Cable is also fast and reliable. But while Cox can get you 1,000Mbps download speeds, your upload speeds will generally be much slower. Keep that in mind if you plan to do upload-intensive tasks like uploading content to social media, hosting livestreams, or attending Zoom meetings.

Pro tip:

Not sure what kind of internet you have? You can get more information by reading our guide to internet connection types.

AT&T vs. Cox: Data caps

Data CapDetails
AT&TUnlimited for fiber plans; 1TB for speeds up to 75Mbps; 350GB for fixed wireless
Cox1.25TBView Plans

AT&T has no data caps for customers on its fiber internet plans. AT&T’s fixed wireless package has a relatively small 350GB data cap.

Cox gives all of its customers a 1.25TB data cap. That’s going to be plenty for most users, though heavy streamers may run into some trouble.

AT&T vs. Cox: Contracts

Contract lengthDetails
AT&TNone for fiber plans or AT&T TV
Cox1 yr., month-to-month option for $10.00/mo. extraView Plans

You won’t need to worry about an annual contract if you sign up with AT&T—all of its internet plans go month to month, so you can cancel any time without worrying about an early termination fee.

Cox gives you the option between signing up for a one-year contract or paying $10 a month extra for a month-to-month option. The early termination fee on the annual contract is $10 for each month you have left on your bill. So, you’ll save a little money by signing a contract, but you might have to pay up in the end if you cancel before it’s over.

AT&T vs. Cox: Installation

Installation optionsDetails
AT&TUp to $99.00; free self-installation kit
Cox$100.00; free for self-installation kitView Plans

AT&T and Cox both charge fees for a professional installation, but there are a few tricks to help ease the bill. AT&T offers a free self-install kit, so you don’t have to pay $99 for professional installation.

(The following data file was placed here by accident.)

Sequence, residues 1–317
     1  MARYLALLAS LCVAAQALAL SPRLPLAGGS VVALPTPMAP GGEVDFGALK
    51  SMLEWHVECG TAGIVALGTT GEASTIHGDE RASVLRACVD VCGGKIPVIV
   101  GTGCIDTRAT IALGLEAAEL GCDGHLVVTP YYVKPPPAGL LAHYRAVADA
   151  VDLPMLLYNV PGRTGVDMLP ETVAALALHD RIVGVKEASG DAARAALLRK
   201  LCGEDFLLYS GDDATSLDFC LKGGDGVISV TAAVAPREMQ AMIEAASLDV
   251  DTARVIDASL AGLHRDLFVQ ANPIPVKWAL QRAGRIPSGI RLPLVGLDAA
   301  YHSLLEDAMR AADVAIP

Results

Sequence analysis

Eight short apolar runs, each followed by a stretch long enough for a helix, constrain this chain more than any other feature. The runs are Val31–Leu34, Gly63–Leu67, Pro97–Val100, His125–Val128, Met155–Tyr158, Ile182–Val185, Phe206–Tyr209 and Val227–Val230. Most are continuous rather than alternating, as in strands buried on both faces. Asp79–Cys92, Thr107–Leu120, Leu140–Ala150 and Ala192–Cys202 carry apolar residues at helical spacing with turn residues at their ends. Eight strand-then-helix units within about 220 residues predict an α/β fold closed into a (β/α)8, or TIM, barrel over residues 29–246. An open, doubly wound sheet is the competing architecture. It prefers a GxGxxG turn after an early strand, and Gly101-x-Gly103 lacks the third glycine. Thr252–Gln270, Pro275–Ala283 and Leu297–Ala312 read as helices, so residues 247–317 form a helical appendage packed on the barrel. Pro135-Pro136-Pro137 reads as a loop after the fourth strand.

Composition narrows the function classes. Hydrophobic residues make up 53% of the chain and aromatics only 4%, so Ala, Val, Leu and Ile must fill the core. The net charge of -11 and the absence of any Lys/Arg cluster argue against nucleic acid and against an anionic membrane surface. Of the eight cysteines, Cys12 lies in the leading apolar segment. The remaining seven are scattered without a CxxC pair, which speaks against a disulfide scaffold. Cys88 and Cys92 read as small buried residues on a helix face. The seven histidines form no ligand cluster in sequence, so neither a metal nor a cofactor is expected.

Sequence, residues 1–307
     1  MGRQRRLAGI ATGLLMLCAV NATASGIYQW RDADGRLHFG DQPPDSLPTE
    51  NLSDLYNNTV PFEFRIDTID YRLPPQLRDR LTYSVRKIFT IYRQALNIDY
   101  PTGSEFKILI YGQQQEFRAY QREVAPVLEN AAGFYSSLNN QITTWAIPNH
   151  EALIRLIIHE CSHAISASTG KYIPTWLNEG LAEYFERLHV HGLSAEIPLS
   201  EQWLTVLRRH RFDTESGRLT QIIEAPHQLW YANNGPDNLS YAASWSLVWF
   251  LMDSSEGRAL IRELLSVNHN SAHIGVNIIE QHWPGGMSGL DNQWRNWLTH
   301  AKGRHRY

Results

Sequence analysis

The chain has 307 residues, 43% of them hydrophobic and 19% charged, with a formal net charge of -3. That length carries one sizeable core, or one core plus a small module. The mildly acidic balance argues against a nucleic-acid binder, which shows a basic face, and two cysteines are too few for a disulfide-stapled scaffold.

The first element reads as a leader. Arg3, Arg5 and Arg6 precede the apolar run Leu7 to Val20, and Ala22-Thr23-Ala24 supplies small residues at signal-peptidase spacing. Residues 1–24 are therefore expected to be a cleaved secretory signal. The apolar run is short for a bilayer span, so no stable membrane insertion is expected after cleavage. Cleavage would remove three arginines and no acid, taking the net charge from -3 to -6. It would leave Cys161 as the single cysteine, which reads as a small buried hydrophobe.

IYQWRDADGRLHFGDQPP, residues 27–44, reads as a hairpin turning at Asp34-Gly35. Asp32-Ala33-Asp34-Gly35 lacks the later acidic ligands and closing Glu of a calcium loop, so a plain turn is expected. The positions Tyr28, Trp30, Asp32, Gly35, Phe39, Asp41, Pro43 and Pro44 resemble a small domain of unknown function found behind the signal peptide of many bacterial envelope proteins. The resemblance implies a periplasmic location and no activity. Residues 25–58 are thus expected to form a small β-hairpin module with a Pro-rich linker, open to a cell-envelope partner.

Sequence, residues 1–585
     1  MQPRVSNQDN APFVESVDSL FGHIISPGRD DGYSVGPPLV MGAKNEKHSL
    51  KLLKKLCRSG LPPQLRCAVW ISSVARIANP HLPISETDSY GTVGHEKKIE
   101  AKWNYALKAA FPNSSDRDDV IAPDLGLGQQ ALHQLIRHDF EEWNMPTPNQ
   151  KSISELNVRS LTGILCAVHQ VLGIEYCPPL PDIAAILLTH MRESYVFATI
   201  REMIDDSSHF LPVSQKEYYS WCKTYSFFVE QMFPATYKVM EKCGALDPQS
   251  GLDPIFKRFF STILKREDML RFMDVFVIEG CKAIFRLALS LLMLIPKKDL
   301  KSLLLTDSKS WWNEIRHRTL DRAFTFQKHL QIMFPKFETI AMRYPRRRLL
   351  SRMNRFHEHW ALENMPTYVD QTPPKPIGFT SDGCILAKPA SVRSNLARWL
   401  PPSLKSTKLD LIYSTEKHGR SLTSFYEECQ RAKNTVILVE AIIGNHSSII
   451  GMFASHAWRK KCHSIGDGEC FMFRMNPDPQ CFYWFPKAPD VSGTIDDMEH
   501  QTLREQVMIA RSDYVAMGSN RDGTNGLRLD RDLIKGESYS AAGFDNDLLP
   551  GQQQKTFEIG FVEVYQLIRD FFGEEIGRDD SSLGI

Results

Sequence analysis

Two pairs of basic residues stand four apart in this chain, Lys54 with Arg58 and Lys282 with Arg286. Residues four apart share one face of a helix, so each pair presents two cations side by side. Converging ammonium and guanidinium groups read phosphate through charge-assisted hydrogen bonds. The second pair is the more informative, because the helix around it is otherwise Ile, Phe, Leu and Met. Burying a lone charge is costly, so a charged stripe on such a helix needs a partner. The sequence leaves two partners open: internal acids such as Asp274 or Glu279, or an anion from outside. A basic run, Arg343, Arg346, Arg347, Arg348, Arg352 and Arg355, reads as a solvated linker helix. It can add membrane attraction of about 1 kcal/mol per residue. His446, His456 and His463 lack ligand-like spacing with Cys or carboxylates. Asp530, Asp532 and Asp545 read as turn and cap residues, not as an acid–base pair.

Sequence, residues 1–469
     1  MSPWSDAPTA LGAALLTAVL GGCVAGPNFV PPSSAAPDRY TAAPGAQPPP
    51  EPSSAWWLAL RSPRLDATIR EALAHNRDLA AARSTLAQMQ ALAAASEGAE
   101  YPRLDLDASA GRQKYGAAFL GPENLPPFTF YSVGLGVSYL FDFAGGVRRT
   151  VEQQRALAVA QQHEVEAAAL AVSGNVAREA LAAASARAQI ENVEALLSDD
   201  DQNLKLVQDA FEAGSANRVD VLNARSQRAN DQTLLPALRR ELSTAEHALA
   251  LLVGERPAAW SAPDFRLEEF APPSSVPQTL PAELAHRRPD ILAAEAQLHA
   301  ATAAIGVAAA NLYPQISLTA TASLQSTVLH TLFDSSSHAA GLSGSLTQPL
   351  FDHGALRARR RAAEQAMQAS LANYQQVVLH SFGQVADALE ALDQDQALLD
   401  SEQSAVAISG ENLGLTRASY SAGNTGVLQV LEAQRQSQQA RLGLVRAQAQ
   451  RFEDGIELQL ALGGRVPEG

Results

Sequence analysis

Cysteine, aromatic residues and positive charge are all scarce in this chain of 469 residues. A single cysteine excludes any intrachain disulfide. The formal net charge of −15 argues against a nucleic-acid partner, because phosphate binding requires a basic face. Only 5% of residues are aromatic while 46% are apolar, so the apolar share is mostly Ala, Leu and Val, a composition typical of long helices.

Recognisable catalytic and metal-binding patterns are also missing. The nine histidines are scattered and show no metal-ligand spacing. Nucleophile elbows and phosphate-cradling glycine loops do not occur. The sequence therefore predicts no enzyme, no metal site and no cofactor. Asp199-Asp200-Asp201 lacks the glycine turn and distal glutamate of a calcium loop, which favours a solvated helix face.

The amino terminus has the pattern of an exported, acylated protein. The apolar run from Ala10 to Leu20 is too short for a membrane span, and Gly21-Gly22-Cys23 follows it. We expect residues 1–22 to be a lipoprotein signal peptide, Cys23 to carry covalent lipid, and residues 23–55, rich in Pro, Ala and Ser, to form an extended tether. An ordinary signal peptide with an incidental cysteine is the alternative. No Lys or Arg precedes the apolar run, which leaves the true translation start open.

Cox charges $100 for professional installation of its internet service, but you can get a self-installation kit at no extra charge.

AT&T vs. Cox: Availability

AT&T and Cox both offer service in a similar number of states: twenty-one states for AT&T and eighteen for Cox. AT&T tends to have more coverage overall, with wider availability in each state.

To find out if you can get either of these providers, type in your zip code below to see if they’re available in your area.

Final call: AT&T vs. Cox

We think AT&T is the best bet of these two providers—just make sure you can get a fiber-optic plan. AT&T’s fiber packages give you faster speeds and a more reliable connection type compared to Cox’s plans.

The catch? AT&T Fiber is a lot harder to come by than Cox’s cable internet, and AT&T’s DSL offerings really aren’t worth the price. If fiber isn’t available where you live, stick with a Cox cable internet plan, even if it costs a bit more than DSL.

View Cox Plans


Our editorial team bases our analyses on customer input from our annual customer satisfaction survey, results from our speed test tool, and proprietary internet provider data on speeds and pricing. To strengthen our research, we look closely at provider contracts to get hard-to-find information on price hikes, data caps, and extra fees, and we keep tabs on the latest news reports and online reviews. When applicable, we also rely on our personal experiences testing these services.

Author -

Peter Holslin has more than a decade of experience working as a writer and freelance journalist. He graduated with a BA in liberal arts and journalism from New York City’s The New School University in 2008 and went on to contribute to publications like Rolling Stone, VICE, BuzzFeed, and countless others. At, he focuses on covering 5G, nerding out about frequency bands and virtual RAN, and producing reviews on emerging services like 5G home internet. He also writes about internet providers and packages, hotspots, VPNs, and Wi-Fi troubleshooting.

Editor - Cara Haynes

Cara Haynes has been editing and writing in the digital space for seven years, and she's edited all things internet for for five years. She graduated with a BA in English and a minor in editing from Brigham Young University. When she's not editing, she makes tech accessible through her freelance writing for brands like Pluralsight. She believes no one should feel lost in internet land and that a good internet connection significantly extends your life span.